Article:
October 12, 2010
Statement by Randi Weingarten, President, American Federation of Teachers, On Report on Fairness in School Funding
A new report, “Is School Funding Fair? A National Report Card,” by the Education Law Center with support from the Ford Foundation grades the states on the fairness of their school funding systems.
WASHINGTON—This report is disheartening evidence of how we are short-changing our most vulnerable students. To ensure that disadvantaged students reach their potential in life, school and career, states must provide school districts with the proper amount of funding to level the playing field. It is unacceptable that just seven states were given an A or B on their funding distribution to schools with high poverty concentration.
Our nation needs to set priorities for students living in poverty, to help them overcome economic challenges and become productive citizens. This starts with a commitment to early childhood education so all kids enter kindergarten knowing their numbers, letters and colors, and a resolve to provide wraparound services at schools so disadvantaged children and their families receive academic, nutritional, healthcare and other programs and services that they need.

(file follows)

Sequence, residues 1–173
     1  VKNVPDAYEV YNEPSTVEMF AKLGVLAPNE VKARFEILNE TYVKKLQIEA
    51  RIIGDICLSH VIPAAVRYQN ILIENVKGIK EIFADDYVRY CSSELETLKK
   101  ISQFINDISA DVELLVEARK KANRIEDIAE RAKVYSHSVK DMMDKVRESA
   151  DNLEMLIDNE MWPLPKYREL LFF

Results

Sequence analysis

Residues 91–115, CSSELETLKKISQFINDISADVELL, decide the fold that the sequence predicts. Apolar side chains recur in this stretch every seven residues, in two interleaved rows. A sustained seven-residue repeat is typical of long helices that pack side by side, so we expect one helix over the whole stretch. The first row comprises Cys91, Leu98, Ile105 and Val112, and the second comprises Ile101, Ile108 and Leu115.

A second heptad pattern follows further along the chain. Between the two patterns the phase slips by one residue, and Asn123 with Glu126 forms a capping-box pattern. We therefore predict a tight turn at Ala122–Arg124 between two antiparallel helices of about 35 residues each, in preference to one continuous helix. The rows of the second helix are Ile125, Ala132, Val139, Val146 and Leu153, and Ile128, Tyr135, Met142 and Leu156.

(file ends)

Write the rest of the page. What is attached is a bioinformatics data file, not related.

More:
Just a month ago, the U.S. Census Bureau reported that American poverty levels are the highest since the federal government began keeping track more than 50 years ago. Today, one in five American children is living in poverty. Now, more than ever, it is imperative that disadvantaged children not be left behind by inadequate support for their schools. With recession-driven budget cuts threatening much of the good work and progress highlighted in the report, we all must do our part to ensure that schools have the resources they need to cope with the effects of rising poverty.
The AFT will continue to work at the national, state and local levels to urge school funding systems that provide equality of educational opportunity, backed by the resources required to overcome the barriers to success that poverty creates for too many students.
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The AFT represents 1.5 million pre-K through 12th-grade teachers; paraprofessionals and other school-related personnel; higher education faculty and professional staff; federal, state and local government employees; nurses and healthcare workers; and early childhood educators.